Prasat Tonle Snguot
The "ng" is to be pronounced similar tu "n" in "English" or "ng" in "being" but without a vowel sound in front of it. "Snguot" sounds like "sngoort". It means "dried". "Tonle" means "lake". So this is the "Prasat tower of the dried up lake", according to its modern name.
Prasat Tonle Snguot is a small ruin rarely visited. There is not much to see here except a broken - or nearly split - single temple tower. It is located a few hundred metres north of the North Gate of Angkor Thom and originates from the same period, this means the reign of King Jayavarman VII. More precisely, Prasat Tonle Snguot is from the end of the 12th century.
The Prasat was the sanctum or worshipping hall of a functional building, a hospital, one of the 102 so-called "Arogyasalas" (also romanized "Arogyashalas" or "Arokhayasalas") Jayavarman VII claimed to have founded, at least one in each province. The Sanskrit term "arogya" literally means "not-sick".
Four of those hospitals surrounded Angkor Thom, in all four directions. But they were not placed exactly axial, and they were located in different distances between half a kilometre and one kilometre. The Arogyasala in the East is the best preserved one and usually only called "Chapel of the Hospital". The southern one, opposite the Angkor Wat, is Ta Prohm Kel. The one in the west is a little bit far and outside the Angkor Archaeological Park. Prasat Tonle Snguot was the hospital chapel to the north of Angkor Thom. Some more of them are known throughout Cambodia and North East Thailand, for example three along the road to Phimai on Thai territory, one newly discovered.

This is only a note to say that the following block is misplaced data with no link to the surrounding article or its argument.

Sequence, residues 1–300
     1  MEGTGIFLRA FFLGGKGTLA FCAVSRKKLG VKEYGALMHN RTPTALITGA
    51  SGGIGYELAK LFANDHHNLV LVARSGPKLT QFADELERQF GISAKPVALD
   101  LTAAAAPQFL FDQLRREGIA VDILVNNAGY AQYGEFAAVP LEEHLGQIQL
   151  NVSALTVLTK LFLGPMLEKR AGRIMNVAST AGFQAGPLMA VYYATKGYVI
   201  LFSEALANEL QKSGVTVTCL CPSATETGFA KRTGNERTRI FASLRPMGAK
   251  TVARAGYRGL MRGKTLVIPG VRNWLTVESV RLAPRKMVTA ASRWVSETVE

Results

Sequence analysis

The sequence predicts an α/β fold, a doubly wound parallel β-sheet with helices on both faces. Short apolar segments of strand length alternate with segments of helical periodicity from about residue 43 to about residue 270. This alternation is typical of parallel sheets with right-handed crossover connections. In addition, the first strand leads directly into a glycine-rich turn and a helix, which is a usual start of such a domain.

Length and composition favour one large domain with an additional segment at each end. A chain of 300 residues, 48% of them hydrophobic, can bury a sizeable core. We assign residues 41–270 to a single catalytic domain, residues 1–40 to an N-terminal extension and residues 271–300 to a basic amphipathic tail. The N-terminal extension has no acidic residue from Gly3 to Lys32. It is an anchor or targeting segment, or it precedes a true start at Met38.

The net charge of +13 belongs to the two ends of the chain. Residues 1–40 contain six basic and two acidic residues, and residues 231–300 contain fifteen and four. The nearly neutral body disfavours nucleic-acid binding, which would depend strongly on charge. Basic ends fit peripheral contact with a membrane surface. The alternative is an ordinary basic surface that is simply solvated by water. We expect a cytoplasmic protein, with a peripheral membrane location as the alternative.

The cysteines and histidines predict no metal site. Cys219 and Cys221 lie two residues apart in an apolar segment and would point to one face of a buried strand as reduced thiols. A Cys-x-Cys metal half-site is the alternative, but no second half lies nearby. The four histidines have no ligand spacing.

The number of altogether 102 hospitals built by Jayavarman VII is given in a famous inscription of Ta Prohm. Arogyasala (hospitals) as well as Vahni-Grihas (fire-chambers), mentioned in a contemporary inscription at Preah Khan, are rare examples of public instititions in the medieval Angkor empire that are known from both epigraphic and archaeological evidence. An archaeological research titled "Angkor Medieval Hospitals Archaeological Project" started 2006 to examine the exact location of wooden hospital halls in the precincts of the Hospital Chapel to the west of Angkor Thom.
Maybe, it's better to visit this temple during noon, but any time of the day will be almost even good. You do not need an Angkor ticket in this area.